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Big Mac Blog movie review: American Sniper is unapologetic and honest

The real Chris Kyle, photographed here in April 6, 2012. He was killed on a gun range by a vet he was trying to help on Saturday, Feb. 2, 2013.
The real Chris Kyle, photographed here in April 6, 2012. He was killed on a gun range by a vet he was trying to help on Saturday, Feb. 2, 2013. AP

It was released in December, but American Sniper just set a box office record for January - it made $90.2 million this weekend, according to Variety. Nominated for a handful of Academy Awards, Clint Eastwood’s latest look at humanizing our heroes and death continues is this unflinching bio of decorated Navy SEAL Chris Kyle.

Eastwood, and actor Bradley Cooper, are being criticized that the film celebrates the life of a killer, a knock that seems to be a bit of a headline grab and misplaced.

The movie does not attempt to canonize Kyle, or the American military, but does its best to serve a plate of honesty about the whole thing from Kyle (with his consent) to the American military in Iraq to the vets who come home severely wounded, and try to rebuild their lives after seeing combat.

Personally, his story had attracted me after I attended his memorial service at Cowboys Stadium in 2013. It was the saddest event I have ever covered, and caused me on more than one occasion to cry. Before then, I had only known him by name, and did not know the story beyond the title of America’s Deadliest Sniper. During service I learned a little bit about the man, the SEAL the friend, the dad and the husband. The movie attempts to show, and explain, all of them.

The story: Many viewers are familiar with the life of Kyle, the most decorated sniper in American history, who has reportedly more than 160 confirmed kills in combat. Like most bios, the movie races through his life from his childhood in Texas to his attempt at being a cowboy and then his decision to join the military. Along the way he meets his wife, Taya (Sienna Miller), survives SEAL training, gets married, goes off to the war in Iraq, becomes a dad, and then works with veterans suffering from Post Traumatic Stress Disorder.

The people: The movie focuses almost exclusively on Kyle’s four tours in Iraq, and his often strained marriage. It is not just the prolonged absences that cause the problems, but the when these guys return home they are scarred, and often mad at our first-world problems while their friends are off fighting a war that so often we pay no attention to on a daily basis. An underlying message of the film is the reality that what so many of these vets hate about combat is the same thing that keeps pulling them back in.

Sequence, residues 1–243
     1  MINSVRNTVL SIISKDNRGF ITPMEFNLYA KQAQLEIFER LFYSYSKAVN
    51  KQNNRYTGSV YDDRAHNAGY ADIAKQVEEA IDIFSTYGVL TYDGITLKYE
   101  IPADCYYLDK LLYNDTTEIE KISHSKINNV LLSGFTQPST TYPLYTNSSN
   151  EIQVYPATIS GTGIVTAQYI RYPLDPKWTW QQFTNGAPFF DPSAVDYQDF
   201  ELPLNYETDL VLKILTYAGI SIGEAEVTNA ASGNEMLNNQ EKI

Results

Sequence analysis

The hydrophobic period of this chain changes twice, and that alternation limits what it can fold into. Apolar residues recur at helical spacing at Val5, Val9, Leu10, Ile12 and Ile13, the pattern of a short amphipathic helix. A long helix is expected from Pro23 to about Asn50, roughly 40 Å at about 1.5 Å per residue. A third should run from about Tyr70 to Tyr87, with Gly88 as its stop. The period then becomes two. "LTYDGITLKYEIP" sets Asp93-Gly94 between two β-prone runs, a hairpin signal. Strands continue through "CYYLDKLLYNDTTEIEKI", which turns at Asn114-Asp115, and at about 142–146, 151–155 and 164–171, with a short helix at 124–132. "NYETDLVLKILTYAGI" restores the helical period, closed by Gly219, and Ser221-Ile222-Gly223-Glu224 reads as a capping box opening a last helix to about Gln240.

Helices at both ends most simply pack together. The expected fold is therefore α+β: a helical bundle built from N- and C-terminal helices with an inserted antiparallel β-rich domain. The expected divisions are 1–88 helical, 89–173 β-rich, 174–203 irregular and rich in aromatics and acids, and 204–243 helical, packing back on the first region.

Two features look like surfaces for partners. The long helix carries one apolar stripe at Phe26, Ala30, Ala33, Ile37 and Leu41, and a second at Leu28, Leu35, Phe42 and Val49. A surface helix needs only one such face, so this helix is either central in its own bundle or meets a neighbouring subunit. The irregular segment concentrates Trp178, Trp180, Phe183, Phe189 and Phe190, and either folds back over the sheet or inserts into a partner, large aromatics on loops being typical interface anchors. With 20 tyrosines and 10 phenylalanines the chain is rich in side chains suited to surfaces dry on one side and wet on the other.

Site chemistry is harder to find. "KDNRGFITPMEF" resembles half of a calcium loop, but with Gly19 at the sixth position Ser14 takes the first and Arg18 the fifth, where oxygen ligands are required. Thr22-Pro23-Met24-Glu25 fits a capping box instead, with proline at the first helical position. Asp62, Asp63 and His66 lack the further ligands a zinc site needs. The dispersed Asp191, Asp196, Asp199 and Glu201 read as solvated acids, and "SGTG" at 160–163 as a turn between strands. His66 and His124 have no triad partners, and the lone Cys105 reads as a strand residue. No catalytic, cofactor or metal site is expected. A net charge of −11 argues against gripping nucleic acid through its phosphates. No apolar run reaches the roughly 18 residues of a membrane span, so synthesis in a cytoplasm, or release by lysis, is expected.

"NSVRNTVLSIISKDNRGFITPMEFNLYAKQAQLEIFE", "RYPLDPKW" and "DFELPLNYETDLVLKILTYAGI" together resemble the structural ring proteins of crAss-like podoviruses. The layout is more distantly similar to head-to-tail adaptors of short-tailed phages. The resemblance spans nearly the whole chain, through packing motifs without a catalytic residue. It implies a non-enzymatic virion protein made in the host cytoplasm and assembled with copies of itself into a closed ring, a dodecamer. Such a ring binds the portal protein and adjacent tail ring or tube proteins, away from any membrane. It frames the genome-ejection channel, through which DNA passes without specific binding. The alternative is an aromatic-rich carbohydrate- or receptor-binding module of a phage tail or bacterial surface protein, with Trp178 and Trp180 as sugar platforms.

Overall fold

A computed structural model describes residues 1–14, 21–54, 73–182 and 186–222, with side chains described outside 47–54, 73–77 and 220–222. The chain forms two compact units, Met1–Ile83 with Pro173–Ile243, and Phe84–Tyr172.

Cooper is physically and emotionally convincing as the SEAL with a gift for hitting targets at great distances, and an ability to reach Taya despite the many miles between them that often existed in their relationship. There is a good chemistry between the two that projects love and loyalty.

Equally convincing is Kyle’s belief in the mission, and to be there to help in the fight, which is why he so often returned.

Battle Scenes: “Sniper” contains some of the more intense battle scenes in recent memory. It’s deafening, explosive, and uncomfortably intimate. Kyle’s decision to shoot or not when he has a target is not as simple as the squeeze of a finger, especially when the subject is a little kid. Ther is tension, torture, and fear. Kyle’s prolonged pursuit of one particular Iraqi sniper serves as a thread for most of the movie.

Eastwood’s transformation: In the beginning of his long career in Hollywood, few actors were as associated with violence and tough-guy gun play as Clint Eastwood. His characters easily shot the bad guys while giving no pause to the consequences. In his later years, mostly as a director, he has deliberately examined at the role of violence, and heroism, in our society.

In the Academy Award-winning “Unforgiven”, he looked closely at the idea of “blowing a guy away” is not as easy as it was portrayed, and it had lasting effects on the man who pulled the trigger, even in the Old West.

In “Flags of Our Fathers”, he looked into the realities of anointed heroism and hero-worship thrust on regular people.

In “Sniper”, Eastwood examines the belief that many vets share about their role in American values, and the role of the U.S. military in Iraq. Kyle, as many vets then and now, believed he was making a difference and that it was his duty to be there. But as the movie goes on so too does the feeling that many vets had that the price was too high.

There is one scene in the film where Kyle comes across his younger brother on a Tarmac in Iraq; his brother was in the military, and he is no longer the person we saw earlier in the film. He is bitter, sad, and just wants to go home.

Not hero worship or anti-war: This is based on Kyle’s best-selling book, and he collaborated with Cooper, who served as a producer, on the movie before his death. Needless to say, the movie is pro-Kyle, but it does not put him on a pedestal. He was not some Super Dad or Super Husband, and he was not easy to deal with upon his return home from any of his tours. But he was good at his job, and it makes no apologies for it.

Should you see it: Yes. The movie is about Chris Kyle, but it’s also about many others who come home from war eternally altered. This movie will linger in your head for a while.

Mac Engel, 817-390-7760

Twitter: @macengelprof

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